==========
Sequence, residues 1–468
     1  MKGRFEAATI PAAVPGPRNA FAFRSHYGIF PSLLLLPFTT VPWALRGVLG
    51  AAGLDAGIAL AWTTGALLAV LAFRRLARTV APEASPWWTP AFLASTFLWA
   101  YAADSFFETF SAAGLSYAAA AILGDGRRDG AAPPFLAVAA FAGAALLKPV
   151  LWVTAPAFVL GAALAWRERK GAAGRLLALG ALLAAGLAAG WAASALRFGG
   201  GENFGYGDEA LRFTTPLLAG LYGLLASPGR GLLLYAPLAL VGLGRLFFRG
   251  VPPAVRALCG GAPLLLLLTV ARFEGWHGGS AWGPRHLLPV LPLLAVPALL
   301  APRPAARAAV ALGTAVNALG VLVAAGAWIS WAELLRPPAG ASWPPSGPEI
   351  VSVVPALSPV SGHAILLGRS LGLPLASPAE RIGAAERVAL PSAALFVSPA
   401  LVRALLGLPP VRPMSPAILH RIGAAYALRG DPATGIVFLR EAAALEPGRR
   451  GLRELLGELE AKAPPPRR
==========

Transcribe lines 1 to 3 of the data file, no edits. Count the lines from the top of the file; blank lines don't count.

Sequence, residues 1–468
     1  MKGRFEAATI PAAVPGPRNA FAFRSHYGIF PSLLLLPFTT VPWALRGVLG
    51  AAGLDAGIAL AWTTGALLAV LAFRRLARTV APEASPWWTP AFLASTFLWA